Carolyn Wonderland Makes Her Alligator Debut With ‘Tempting Fate’ (ALBUM REVIEW)

Texas singer-songwriter and incendiary guitarist Carolyn Wonderland is no overnight sensation.  This writer can recall seeing her absolutely stunning live audiences with her gutsy vocals and blistering guitar playing 18 years ago. Her three-decade career includes ten albums as leader, including four produced by Ray Benson of Asleep at the Wheel, her recent three-year stint as the first female lead guitarist in John Mayall’s Blues Breakers (and you know that history), and now her debut, Tempting Fate, rather incredibly, as the first female lead guitar artist in the famed 50-year Alligator Records history. Better yet, the album is produced by Dave Alvin, who knows a few things about fiery guitarists. Leveraging the many great musicians that both Wonderland and Alvin know, the guest list boasts Jimmie Dale Gilmore, Cindy Cashdollar on lap steel, Marcia Ball on piano, Shelly King on background vocals, Ian Fleming on accordion, Red Young on organ and piano, and Alvin playing guitar on three songs. Her core road band of Bobby Perkins on bass and Kevin Lance on drums are aboard for all tracks.

Wonderland offers ten songs, five originals, a co-write with Mayall bandmate Greg Rzab, and four covers. As the prototypical triple threat, Wonderland begins with her own politically tinged “Fragile Peace And Certain War.” Accompanied by Alvin on rhythm guitar this opening track will introduce those new to Wonderland to several of her trademark talents – searing guitar (lap steel on this one), going from a wail to a whisper in a heartbeat vocally, and setting a rollicking tone. She then unveils another of her defining traits – the bubbling little girl-like humor in “Texas Girl and Her Boots.”  She apparently has quite a collection. This one features fellow Austinites Marcia Ball and Shelly King. ‘Broken Hearted Blues,” the co-write with Rzab, is another of her rousing, combustible guitar tunes, underpinned by Austin legend Red Young’s B3.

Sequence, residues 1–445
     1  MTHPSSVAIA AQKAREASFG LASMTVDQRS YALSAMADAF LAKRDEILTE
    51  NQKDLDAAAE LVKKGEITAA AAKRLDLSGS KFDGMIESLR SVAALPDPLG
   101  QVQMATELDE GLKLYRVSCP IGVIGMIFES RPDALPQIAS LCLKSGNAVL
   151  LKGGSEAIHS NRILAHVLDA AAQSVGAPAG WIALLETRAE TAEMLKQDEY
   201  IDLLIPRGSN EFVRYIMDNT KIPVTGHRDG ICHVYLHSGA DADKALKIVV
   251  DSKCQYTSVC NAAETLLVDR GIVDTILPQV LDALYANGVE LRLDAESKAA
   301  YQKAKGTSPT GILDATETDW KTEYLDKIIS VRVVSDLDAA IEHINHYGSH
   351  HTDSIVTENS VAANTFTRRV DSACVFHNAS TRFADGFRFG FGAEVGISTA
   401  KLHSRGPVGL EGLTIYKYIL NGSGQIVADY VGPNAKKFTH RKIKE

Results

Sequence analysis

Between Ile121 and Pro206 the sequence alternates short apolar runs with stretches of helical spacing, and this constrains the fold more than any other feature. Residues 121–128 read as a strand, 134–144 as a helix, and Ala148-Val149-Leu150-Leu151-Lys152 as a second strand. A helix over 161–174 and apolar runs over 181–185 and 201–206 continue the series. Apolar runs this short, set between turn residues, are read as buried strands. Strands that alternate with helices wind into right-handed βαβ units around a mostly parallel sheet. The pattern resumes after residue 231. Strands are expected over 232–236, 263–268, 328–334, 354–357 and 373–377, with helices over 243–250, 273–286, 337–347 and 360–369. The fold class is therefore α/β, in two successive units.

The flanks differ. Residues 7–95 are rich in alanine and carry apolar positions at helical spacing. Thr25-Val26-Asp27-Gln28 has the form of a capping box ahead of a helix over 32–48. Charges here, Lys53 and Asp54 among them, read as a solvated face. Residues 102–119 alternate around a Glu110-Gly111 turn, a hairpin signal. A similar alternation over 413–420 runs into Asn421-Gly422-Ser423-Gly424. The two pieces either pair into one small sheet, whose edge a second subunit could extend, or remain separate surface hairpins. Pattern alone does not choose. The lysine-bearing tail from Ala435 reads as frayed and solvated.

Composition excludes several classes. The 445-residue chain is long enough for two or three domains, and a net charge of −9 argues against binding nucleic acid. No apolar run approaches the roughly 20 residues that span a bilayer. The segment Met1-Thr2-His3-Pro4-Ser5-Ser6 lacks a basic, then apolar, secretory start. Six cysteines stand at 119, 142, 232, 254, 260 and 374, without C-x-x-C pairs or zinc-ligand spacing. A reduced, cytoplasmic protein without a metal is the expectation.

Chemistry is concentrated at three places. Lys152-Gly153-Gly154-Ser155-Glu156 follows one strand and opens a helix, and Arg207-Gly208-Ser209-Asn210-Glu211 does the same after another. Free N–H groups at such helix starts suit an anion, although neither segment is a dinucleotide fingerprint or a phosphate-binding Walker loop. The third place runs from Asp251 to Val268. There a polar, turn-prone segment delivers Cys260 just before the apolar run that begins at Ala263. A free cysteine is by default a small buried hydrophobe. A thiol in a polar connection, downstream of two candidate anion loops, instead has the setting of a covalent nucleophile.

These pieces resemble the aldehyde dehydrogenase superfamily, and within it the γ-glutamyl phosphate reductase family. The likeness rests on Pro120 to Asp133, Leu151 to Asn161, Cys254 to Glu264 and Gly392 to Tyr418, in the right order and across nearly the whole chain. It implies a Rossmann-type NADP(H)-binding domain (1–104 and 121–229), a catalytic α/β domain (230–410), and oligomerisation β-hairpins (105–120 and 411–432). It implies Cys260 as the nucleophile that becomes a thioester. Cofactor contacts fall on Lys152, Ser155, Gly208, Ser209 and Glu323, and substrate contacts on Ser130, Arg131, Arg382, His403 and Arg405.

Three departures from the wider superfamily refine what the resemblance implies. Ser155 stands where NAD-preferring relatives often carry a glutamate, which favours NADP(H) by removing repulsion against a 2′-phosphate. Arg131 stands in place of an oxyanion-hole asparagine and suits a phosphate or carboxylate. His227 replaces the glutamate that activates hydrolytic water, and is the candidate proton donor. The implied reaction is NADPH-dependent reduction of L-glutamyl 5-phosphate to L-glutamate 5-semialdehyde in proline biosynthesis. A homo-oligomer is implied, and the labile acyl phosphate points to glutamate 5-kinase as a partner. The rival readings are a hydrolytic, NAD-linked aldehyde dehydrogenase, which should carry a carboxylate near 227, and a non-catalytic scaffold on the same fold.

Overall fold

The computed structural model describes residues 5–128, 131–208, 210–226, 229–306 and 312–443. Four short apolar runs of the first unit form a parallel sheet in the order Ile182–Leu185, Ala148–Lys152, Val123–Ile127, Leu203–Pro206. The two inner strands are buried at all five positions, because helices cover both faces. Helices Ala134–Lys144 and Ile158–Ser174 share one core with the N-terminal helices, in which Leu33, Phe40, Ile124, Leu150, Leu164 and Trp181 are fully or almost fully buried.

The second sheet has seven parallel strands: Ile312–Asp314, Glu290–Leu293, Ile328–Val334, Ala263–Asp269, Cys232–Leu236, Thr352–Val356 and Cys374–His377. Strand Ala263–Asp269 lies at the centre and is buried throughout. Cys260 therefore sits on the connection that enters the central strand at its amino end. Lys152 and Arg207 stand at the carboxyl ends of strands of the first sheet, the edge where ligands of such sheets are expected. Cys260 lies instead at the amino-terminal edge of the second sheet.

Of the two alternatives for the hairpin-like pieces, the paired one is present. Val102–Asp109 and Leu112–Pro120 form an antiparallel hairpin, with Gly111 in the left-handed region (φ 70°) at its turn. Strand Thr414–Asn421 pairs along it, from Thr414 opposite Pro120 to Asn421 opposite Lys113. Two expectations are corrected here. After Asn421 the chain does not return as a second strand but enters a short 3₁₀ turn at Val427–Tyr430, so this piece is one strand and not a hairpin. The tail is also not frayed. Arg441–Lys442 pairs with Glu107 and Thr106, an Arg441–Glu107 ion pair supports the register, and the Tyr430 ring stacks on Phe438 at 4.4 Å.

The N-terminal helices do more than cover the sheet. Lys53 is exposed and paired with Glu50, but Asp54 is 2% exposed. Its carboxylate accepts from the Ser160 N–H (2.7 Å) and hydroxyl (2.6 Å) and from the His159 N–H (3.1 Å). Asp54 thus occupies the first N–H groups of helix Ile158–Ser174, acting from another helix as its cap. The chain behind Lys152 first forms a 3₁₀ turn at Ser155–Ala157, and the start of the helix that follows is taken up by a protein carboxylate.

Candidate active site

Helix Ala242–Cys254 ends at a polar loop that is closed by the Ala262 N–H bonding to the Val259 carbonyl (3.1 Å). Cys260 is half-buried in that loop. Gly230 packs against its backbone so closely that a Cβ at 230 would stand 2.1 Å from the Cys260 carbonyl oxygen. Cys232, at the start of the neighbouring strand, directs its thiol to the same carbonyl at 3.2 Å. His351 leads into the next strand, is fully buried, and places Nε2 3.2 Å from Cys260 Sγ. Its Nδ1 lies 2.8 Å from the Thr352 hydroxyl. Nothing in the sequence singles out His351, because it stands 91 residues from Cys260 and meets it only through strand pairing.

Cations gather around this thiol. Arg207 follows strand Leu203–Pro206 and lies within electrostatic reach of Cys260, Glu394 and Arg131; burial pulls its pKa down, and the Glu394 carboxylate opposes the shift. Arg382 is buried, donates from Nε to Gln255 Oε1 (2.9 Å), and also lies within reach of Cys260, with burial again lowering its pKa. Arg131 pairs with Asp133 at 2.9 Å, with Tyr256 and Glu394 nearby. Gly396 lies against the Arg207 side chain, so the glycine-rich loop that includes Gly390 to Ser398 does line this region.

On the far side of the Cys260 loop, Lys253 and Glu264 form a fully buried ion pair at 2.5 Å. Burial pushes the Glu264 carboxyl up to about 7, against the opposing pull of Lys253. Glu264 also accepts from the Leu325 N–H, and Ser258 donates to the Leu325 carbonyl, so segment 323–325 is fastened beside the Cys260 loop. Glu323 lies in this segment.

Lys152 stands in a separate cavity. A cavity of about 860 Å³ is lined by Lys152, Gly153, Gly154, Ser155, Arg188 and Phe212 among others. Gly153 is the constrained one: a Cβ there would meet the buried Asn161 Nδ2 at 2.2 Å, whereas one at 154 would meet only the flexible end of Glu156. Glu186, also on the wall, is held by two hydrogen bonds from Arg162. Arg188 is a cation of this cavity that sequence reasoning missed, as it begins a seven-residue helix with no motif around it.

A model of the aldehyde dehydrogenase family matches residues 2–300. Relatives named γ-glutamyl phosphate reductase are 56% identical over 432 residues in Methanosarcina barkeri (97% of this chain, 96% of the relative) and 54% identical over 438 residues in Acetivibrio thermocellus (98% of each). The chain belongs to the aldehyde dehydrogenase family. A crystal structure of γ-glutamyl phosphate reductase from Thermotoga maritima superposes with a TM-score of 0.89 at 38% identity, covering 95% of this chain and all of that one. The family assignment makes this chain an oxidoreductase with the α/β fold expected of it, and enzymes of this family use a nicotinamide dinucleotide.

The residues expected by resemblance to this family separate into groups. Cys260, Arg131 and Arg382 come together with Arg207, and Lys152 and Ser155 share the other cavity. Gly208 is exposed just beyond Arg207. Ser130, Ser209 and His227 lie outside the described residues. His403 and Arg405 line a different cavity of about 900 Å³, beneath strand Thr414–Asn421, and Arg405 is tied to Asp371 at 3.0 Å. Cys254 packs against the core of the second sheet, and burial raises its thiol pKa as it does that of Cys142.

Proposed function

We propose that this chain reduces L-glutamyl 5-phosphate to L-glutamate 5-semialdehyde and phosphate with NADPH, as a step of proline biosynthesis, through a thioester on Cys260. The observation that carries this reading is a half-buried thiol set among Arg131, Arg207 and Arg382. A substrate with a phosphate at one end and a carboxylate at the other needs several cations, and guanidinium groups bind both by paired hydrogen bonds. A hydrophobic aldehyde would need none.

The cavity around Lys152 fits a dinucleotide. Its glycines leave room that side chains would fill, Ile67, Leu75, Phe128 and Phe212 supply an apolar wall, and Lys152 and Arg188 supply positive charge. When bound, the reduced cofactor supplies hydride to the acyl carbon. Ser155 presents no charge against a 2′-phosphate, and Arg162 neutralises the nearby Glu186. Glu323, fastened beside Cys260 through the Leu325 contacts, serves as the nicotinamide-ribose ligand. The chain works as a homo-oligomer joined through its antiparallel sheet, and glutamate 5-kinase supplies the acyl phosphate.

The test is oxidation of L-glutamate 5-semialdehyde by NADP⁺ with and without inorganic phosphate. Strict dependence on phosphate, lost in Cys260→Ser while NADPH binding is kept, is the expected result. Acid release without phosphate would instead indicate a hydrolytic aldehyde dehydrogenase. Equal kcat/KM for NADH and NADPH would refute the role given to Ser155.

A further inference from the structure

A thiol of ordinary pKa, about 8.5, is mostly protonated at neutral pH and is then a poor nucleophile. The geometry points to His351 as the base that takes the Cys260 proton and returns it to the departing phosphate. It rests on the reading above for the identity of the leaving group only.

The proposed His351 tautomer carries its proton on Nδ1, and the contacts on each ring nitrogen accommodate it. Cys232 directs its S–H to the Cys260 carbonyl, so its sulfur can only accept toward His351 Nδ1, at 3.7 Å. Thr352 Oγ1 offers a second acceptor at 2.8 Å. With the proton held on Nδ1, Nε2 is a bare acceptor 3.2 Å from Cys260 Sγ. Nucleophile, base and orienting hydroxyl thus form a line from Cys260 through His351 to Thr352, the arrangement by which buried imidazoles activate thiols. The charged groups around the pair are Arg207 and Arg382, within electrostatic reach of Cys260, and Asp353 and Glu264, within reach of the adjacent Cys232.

The swaggering “Fortunate Few” features incisive, clean picking in a Texas roadhouse groove with Red Young on the barrelhouse piano and more of Wonderland’s potent wail. “Crack in the Wall” displays her gentle, soulful side as she sings about refugees, featuring Alvin on rhythm guitar, Cashdollar on lap steel, and Ian Fleming on accordion for the Tex-Mex flavor.  It’s a standout track, revealing Wonderland’s songwriting craft. She follows that with Mayall’s “The Laws Must Change,” a much different sounding take than the icon’s original that first appeared on his landmark 1970 Turning Point.  “Honey Bee” is not the Muddy Waters song on the same name but rather was authored by Texas hero, Billy Joe Shaver. Ian Fleming returns on accordion and Wonderland shows some of her country influence alluded to in Alvin’s quote, though there are not very many guitarists who could serve up the heated solo that she delivers here. Wonderland has also developed a reputation for being a great whistler which you’ll hear in the wistful “On My Feet Again,” imbued by Young’s piano

The last two covers are highly familiar, but Wonderland puts her own inimitable stamp on each; first with Jimmie Dale Gilmore duetting on Dylan’s “It Takes a Lot to Laugh, It Takes a Train to Cry” followed by the Garcia/Hunter staple “Loser.” We heard Bettye LaVette slow the tune down to a simmer on saxophonist Dave McMurray’s Grateful Deadication, released this past July and covered on these pages. Wonderland too, begins at a slow pace but builds the song into a white-hot burner, featuring both her lead guitar solo, and the second from Dave Alvin who had this to say about her oft compared to Janis Joplin vocals – “…As for Carolyn’s vocals, they are soulful and powerful to the point of being often spine-tingling. Her ability to move from intimate, whispery gentleness to earth shaking, Saturday night bar room loudness, always impresses me both for the obvious gifts of her vocal range but also how well she uses it to advance the drama or story of the song.”  Her take on “Loser” is the prime example.

Wonderland isn’t doing anything differently on this album than she’s been doing for three decades.  Now she has a bigger platform and some promotional muscle behind her that’s been a criminally long time in coming. She tours constantly and will certainly make the most of it.  Brace yourself for her power and prepare to be blown away.

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